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1636: The Saxon Uprising (Assiti Shards, #12)
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1636: The Saxon Uprising (Assiti Shards #12)

3.99  ·  Rating Details ·  987 Ratings  ·  43 Reviews
The West Virginia town of Grantville, torn from the twentieth century and hurled back into seventeenth century Europe has allied with Gustavus Adolphus, King of Sweden, in the United States of Europe. So, when Gustavus invades Poland, managing to unite all the squabbling Polish factions into repelling the common enemy, the time-lost Americans have to worry about getting dr ...more
Hardcover, 416 pages
Published March 29th 2011 by Baen
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On Basilisk Station by David WeberRing of Fire by Eric FlintTorch of Freedom by David WeberBolo! by David WeberThe Service of the Sword by David Weber
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25th out of 51 books — 5 voters
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Community Reviews

(showing 1-30)
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Liviu
The second half of the huge novel started in Eastern front - this one ends very well the main thread from there and of course continues the epic saga of the different 17 century that resulted from the transplantation of Grantville, W Va 2000 in Thuringia 1631; the books breathe new life in a series that was going stale with all the tedious details hashed in the side stories that lost my interest and I hope Mr. Flint will keep delivering mainstream series books since the rest are usually fan-fic ...more
Geoffrey
Aug 24, 2014 Geoffrey rated it it was amazing
Shelves: alt-history, fantasy
For the last few books, the Assiti Shards series had been all over the place. It felt like too much was happening in too short a time - a few decades worth of war happened in 4 short years with internal social convulsions thrown in between. Then, the last book, 1635: The Eastern Front, threw in a seriously unexpected curveball.

From that plot twist, this book started up with a mess that turned into an unexpectedly fun novel. This one felt like a return to the first few books in the series. There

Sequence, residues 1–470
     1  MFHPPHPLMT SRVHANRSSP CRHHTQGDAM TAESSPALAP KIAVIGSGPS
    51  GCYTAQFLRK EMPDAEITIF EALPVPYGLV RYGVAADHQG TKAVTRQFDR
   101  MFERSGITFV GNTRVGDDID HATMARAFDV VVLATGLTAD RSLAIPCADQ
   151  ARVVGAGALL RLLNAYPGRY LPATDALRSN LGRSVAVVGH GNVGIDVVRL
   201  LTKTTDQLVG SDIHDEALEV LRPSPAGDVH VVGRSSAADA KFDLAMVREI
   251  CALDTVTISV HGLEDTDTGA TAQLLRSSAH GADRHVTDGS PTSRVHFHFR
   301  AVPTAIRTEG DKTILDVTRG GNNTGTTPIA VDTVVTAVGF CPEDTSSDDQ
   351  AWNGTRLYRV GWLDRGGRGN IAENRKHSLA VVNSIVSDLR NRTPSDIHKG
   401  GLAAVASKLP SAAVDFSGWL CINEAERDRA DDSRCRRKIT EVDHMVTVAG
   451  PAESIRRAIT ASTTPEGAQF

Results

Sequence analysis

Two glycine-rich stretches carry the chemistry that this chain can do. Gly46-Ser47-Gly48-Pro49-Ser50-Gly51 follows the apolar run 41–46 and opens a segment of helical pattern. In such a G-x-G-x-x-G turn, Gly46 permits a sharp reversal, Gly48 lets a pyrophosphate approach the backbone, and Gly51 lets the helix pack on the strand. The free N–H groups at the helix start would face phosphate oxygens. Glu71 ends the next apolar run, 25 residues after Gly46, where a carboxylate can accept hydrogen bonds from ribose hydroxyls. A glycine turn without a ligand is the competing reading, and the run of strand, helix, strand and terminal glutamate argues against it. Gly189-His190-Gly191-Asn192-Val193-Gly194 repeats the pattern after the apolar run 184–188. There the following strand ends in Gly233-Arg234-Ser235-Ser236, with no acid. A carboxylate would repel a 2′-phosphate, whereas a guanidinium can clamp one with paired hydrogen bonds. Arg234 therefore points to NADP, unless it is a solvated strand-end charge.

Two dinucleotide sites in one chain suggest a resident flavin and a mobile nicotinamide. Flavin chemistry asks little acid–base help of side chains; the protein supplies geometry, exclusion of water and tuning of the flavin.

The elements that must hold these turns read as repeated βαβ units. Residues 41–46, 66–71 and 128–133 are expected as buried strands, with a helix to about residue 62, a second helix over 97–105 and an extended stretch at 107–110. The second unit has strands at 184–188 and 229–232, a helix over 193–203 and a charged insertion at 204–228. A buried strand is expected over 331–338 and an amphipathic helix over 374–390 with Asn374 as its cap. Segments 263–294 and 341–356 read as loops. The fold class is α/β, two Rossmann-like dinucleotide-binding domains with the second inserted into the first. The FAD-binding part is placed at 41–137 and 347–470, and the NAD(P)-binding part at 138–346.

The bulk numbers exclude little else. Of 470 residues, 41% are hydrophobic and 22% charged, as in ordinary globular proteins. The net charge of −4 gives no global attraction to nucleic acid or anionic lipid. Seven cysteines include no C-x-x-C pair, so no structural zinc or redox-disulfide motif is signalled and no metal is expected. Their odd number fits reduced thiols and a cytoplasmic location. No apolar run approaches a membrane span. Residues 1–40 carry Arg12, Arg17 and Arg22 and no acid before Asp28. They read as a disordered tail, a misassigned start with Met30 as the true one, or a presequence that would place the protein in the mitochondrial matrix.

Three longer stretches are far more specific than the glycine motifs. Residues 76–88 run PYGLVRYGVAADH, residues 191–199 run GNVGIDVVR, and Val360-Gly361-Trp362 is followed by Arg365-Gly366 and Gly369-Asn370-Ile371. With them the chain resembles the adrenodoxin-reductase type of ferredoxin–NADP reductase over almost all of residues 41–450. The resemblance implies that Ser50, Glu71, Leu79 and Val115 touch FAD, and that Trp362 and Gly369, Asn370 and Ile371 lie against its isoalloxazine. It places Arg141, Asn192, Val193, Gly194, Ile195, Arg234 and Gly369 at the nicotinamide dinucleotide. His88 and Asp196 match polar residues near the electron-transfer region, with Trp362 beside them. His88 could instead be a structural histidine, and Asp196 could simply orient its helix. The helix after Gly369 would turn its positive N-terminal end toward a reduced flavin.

...more
Warren Dunham
Sep 05, 2016 Warren Dunham rated it it was amazing
Ok I really liked this one, the fifth star is a little border line but this was one of the more enjoyable books in the series. It felt more focused like it knew were it was going and went there wrapping up at least more of the threads than normal in this series although it laves room for more problems in the future.
Mike Sterns has just lost the position of prime minster of the USE to Wettin, a conservative who wants to roll back many of the changes made by Mikes Forth of July party. Unfortunatel
...more
Susan Baranoff
A continuation of the story thread begun in "The Eastern Front". Flint and his able co-writers never cease to amaze as they continue to create a plausible and interesting story line of intrigue and survival blended with characters you love and a few you hate. The entire history of Europe is fodder for the "modern West Virginia meets 17th century Europe" historical fiction romp. Not sure how he can keep turning out so many stories I can't stop listening to! Just one more chapter and then I'll go ...more
Melinda
Apr 14, 2011 Melinda rated it it was amazing
These just keep getting better!
Josh
Oct 04, 2012 Josh rated it really liked it
Another strong entry in the sprawling "Ring of Fire" universe.

This one picks up directly from the end of 1635: The Eastern Front and pushes the narrative even further into 1636. It's a fascinating series, premised on the idea of what would happen if you took an entire West Virginia mining town and dropped it into the middle of Europe during the 30 Years War.

I particularly enjoy when Flint (and whomever his co-writer is) focus on the overarching political narrative embodied by some of the most pr
...more
Rena McGee
Sep 24, 2013 Rena McGee rated it it was ok
In this book, Gustav Adolph’s cousin quietly investigates the circumstances around Chancellor Oxenstierna’s power grab and the ensuing succession crisis, Gretchen, the Committees of Correspondence defend Dresden, and various other groups, rise in opposition to Oxenstierna’s attempt to take over the government. (And are able to play it quite convincingly that they’re on the side of the angels--because they are--since Oxenstierna is deliberately trying to change the entire system that had already ...more
Peter Salomon
May 17, 2012 Peter Salomon rated it really liked it